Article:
“With the Furuhelvete collection we wish to challenge the traditional perception of the wood and create a new interest for this local and wonderful material.”

Studio Sloyd modernist pine furniture detail

The collection successfully demonstrates why pine is ideal for modern design. But for those whose love for pine never wavered, these stools can still provide inspiration for new ways of laying the grain by cutting lumber and piecing it back together with an eye for detail. Open those images and examine them up close to see what we mean.

Norway’s Dramatic New Viewpoint is Clad in Whitewashed Pine Panels

In Norway, the scenic roads criss-crossing the rugged Arctic landscape are dotted with sculptural viewpoints that combine modern architecture and the natural beauty of the environment. Technically, these buildings are just rest stops, but there’s nothing average or perfunctory about them. They’re often bold and dramatic, becoming destinations in their own right. The Norwegian Scenic Routes project is set to have 200 picnic areas and viewpoints by 2023 with another 50 projects planned through 2029.

Biotope white pine Domen viewpoint Norway

Some of these viewpoints jut out over the forest to gaze upon fjords. Others perch on the edge of mountains, or wind through rocky ledges on the coast. A new one in the country’s extreme northeast called Domen Viewpoint makes a memorable statement with a design inspired by telescopes. Set on a mountain peak in Vardø at Europe’s easternmost point, the structure, designed by Biotope, consists of three small structures with jagged white shapes that will blend into the snow in winter.

Biotope white pine Domen viewpoint Norway exterior

Biotope covered the outside of these structures with whitewashed pine panels, which will weather over time until their texture takes on a mottled quality similar to the rocky ledge they sit upon. Many structures in Scandinavia are made of pine, which grows locally and is prized there for the same reasons people love it here: its warmth, character, strength, straightness and ease of use. Inside the lookout, Biotope used Norwegian-made kebony wood, a modified, sustainably sourced softwood strengthened by heating the wood with furfural alcohol, an agricultural byproduct.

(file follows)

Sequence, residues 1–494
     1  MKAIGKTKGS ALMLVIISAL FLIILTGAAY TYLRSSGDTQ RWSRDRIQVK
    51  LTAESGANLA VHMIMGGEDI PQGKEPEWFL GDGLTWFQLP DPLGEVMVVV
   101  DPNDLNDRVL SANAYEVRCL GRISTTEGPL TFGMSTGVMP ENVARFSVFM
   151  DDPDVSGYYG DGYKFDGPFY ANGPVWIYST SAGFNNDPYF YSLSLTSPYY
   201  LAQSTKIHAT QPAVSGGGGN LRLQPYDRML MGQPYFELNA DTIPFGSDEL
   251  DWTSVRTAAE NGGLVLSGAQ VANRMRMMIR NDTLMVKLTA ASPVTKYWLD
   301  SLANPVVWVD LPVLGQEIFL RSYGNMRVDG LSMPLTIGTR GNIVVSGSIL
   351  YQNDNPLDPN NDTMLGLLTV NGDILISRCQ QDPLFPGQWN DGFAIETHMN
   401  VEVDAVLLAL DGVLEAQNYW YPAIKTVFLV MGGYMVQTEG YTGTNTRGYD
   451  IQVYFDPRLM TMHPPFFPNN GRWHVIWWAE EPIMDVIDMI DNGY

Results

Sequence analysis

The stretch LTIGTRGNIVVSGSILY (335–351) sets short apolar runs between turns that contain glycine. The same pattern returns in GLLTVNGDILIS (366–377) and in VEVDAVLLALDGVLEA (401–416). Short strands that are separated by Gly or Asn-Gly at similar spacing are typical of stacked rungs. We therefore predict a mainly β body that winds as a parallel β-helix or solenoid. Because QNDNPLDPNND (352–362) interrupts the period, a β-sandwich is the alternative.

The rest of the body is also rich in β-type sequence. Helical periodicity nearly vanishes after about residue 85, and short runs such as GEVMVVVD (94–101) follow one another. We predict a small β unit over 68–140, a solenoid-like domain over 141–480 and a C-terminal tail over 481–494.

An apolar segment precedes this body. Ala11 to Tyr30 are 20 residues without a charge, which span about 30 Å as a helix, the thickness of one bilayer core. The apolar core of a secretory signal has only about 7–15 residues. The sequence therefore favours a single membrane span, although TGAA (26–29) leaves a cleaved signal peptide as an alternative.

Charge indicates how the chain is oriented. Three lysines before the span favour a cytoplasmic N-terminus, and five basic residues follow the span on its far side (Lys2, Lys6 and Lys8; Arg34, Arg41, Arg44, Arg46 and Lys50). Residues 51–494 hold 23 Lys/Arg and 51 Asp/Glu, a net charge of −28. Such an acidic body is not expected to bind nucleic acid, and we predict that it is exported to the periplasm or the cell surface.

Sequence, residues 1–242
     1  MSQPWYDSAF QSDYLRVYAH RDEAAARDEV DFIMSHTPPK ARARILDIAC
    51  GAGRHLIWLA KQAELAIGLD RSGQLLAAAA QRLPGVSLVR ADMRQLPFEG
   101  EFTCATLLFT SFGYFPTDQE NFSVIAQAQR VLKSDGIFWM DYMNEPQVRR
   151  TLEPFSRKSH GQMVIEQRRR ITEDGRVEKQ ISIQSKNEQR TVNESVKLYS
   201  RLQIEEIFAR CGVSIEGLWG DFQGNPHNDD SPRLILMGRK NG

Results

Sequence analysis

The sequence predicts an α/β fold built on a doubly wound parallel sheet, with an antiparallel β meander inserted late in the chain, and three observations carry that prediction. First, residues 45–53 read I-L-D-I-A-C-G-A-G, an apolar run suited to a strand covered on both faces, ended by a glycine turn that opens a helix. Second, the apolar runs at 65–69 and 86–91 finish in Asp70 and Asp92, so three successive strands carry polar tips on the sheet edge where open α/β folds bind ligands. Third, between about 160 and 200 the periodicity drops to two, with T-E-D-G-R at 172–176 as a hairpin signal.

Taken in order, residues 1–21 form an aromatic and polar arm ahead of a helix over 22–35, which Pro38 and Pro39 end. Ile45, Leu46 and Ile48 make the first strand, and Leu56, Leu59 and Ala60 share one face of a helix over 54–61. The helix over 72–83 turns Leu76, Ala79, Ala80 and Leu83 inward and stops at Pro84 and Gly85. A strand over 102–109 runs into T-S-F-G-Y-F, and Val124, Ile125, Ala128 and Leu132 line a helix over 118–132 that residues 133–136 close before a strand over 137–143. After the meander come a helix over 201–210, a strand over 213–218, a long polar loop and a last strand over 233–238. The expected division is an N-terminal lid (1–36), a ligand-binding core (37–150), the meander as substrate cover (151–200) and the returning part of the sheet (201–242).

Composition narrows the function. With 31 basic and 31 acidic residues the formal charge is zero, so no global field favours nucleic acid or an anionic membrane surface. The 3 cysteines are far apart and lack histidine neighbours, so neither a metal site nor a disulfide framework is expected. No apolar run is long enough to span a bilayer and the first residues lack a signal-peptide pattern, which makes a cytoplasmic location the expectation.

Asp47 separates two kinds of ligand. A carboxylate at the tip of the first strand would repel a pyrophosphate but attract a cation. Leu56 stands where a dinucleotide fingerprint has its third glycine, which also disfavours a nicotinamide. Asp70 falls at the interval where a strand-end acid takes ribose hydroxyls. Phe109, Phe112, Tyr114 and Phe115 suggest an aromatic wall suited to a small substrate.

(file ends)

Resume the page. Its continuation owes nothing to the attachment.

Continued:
Biotope white pine Domen viewpoint Norway interior

The dark interiors contrast with the white pine exteriors, creating dynamic lines that stand out even when the lookout is camouflaged by snow during the region’s long winters. Pink-tinted glass gives the views a rosy glow.

Biotope viewpoint

The architects are well known for creating structures like this. They’ve produced many pine lookouts, hiking shelters and bird hides, all designed to marry contemporary shapes and natural materials with scenic places. The firm says that for them, architecture is “a tool to protect and promote birds, wildlife and nature,” an approach that comes through in their work.

Office Envisioned as a “Wooden Box Floating on Air”

Glass office in Japan

Challenged to build a beautiful, light-filled office on a narrow lot, architecture firm Atelier N turned to pine to craft a highly unusual structure that looks like it’s floating on air.

Glass office in Japan modern in a rural setting

The base area of the building measures a mere 355 square feet, but the interior feels surprisingly spacious and open thanks to the clever design. The top half, clad in wooden shingles, rests on a zig-zag of pine lumber enclosed by glass. The pine supports the load, allowing for a nearly unbroken expanse of glass on all sides.

Glass office in Japan with pine wood

Though it looks like a second floor from outside, the upper half of the building is actually a lid of sorts, like a box with the bottom cut off. It provides protection from the sun when it’s directly overhead in the heat of summer, but allows daylight penetration year-round, reducing heating costs in winter. Set on the edge of a rice field, the office takes advantage of a natural cooling effect fro the water.

Glass office in Japan hatch door

“The rural scenery passes through the building from the front road, and a quiet scenery spreads from the interior,” says the architect. “And the wind from the rice field goes through the room. Also, since this area is like a village of old farmers, neighbors greet me through the glass because I have been with them since I was born.”

Glass office in Japan plywood box